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News Archive > General > Eden asks for £70m of public cash for northern project

Eden asks for £70m of public cash for northern project

By Natasha Swift 29th November 2020

Eden asks for £70m of public cash for northern project
United Kingdom – Eden Project North

The Eden Project is asking for £70m of public funding to create a northern outpost on the coast of Lancashire - just weeks after axing more than 100 workers at its flagship attraction in St Austell. 

Bosses at the world’s largest indoor rainforest have submitted a business case for the Government cash to help turn the Eden Project North in Morecambe into a reality.
Eden Project North is being delivered by the team behind the first Eden Project in St Austell - 400 miles away from Morecambe - and is one of the key projects in Eden’s plans to expand around the UK and world.

The project in the north, which is being hailed as “a major new exemplar attraction”, seeks to reimagine the British seaside resort for the 21st century.
The plan is for a year-round destination that combines indoor and outdoor experiences, connecting people with the internationally-significant natural environment of Morecambe Bay while also enhancing wellbeing.

The detailed, 140-page business case presents Eden Project North as a key driver of the UK’s post-Covid green recovery and shows that it is a “shovel-ready” project ,which would deliver significant economic, environmental and social benefits for Lancashire and the wider North West region, as well as contributing to the wider levelling-up agenda and the Government’s 25-year Environment Plan.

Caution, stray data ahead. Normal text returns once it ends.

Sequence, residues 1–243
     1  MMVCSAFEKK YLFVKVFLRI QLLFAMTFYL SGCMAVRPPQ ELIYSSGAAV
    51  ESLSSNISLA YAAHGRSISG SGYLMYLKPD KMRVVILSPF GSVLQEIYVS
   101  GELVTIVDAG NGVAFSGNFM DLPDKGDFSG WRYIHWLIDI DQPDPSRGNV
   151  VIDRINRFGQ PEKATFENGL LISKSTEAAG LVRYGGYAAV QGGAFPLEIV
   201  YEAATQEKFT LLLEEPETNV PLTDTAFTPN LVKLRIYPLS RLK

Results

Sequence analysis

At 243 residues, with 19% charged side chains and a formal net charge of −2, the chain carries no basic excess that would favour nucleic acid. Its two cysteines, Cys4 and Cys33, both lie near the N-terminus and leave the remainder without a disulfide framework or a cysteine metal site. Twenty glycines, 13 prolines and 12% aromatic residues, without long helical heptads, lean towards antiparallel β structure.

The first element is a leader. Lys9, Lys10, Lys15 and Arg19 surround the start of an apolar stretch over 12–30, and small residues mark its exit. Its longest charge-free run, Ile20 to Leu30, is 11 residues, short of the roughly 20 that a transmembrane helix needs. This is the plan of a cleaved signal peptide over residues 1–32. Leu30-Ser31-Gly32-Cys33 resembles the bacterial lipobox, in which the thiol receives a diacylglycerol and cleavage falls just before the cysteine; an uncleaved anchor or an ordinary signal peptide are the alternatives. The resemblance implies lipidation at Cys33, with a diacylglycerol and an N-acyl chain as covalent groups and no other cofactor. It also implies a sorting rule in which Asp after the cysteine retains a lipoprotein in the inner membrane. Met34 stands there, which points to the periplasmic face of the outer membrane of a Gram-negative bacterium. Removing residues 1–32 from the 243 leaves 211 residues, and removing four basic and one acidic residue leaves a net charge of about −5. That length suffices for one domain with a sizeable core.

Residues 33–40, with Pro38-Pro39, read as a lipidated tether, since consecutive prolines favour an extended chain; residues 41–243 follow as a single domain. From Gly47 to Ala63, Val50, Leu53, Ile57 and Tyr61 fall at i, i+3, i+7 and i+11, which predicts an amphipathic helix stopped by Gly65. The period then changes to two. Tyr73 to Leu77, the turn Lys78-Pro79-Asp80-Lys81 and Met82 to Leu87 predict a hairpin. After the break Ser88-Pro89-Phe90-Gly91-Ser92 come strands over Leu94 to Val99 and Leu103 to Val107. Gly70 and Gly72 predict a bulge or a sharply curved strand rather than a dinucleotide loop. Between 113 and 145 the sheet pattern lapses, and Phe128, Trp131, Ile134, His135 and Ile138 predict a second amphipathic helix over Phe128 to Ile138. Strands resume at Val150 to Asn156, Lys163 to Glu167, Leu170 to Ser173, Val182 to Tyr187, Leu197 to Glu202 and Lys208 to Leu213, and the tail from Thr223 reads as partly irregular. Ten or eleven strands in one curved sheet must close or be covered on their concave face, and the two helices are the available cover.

It is projected to attract around one million visitors a year and directly employ more than 400 people. 
The business case estimates a visitor spend of more than £200m per year in the region, not including money spent at Eden Project North, which would support an additional 1,500 jobs.
In total, the business case projects that the eventual cost of Eden Project North will be £125m. 

This will be a bitter pill to swallow for the 169 workers, who lost their jobs at Eden’s St Austell attraction in September.

In July Eden announced that nearly half of its workforce was in line for the chop after losing more than £7m due to the coronavirus pandemic and launched a six week consultation process. 

Bosses said the job losses were a last resort, but “sadly inevitable” due to the “devastating” impacts of the virus on its finances and scale of operations.

Eden’s Biomes were closed for more than three months during national lockdown.
One former worker, who asked to remain anonymous, told the Voice they felt Eden asking for £70m of public money for this new project was a “kick in the teeth” to staff who had been made redundant. 

Eden said it is seeking a mixture of private and public funds to make up the difference beyond any central Government funding for the project in the north. 

Chief executive of Eden Project International, David Harland, said: “This is a major milestone for Eden Project North, a moment when we have presented the Government with what we know is a compliant, comprehensive and compelling case for investment.

“The world has changed beyond measure this year and it is imperative as we come out of the pandemic that our collective focus is on a recovery that stimulates the economy, is environmentally forward looking and creates meaningful, green collar jobs. 

“Our firm belief is that Eden Project North does all of these things and will be transformative for Morecambe and the surrounding region.

“As always, we are hugely grateful for the hard work and support of our partners on this project, in particular Lancashire County Council who worked closely with us on the development of this business case. The community in Morecambe and the wider North West region have been an inspiration to the team during the development of this project and we’re looking forward to continuing to collaborate with them as we progress.”

By Natasha Swift 29th November 2020

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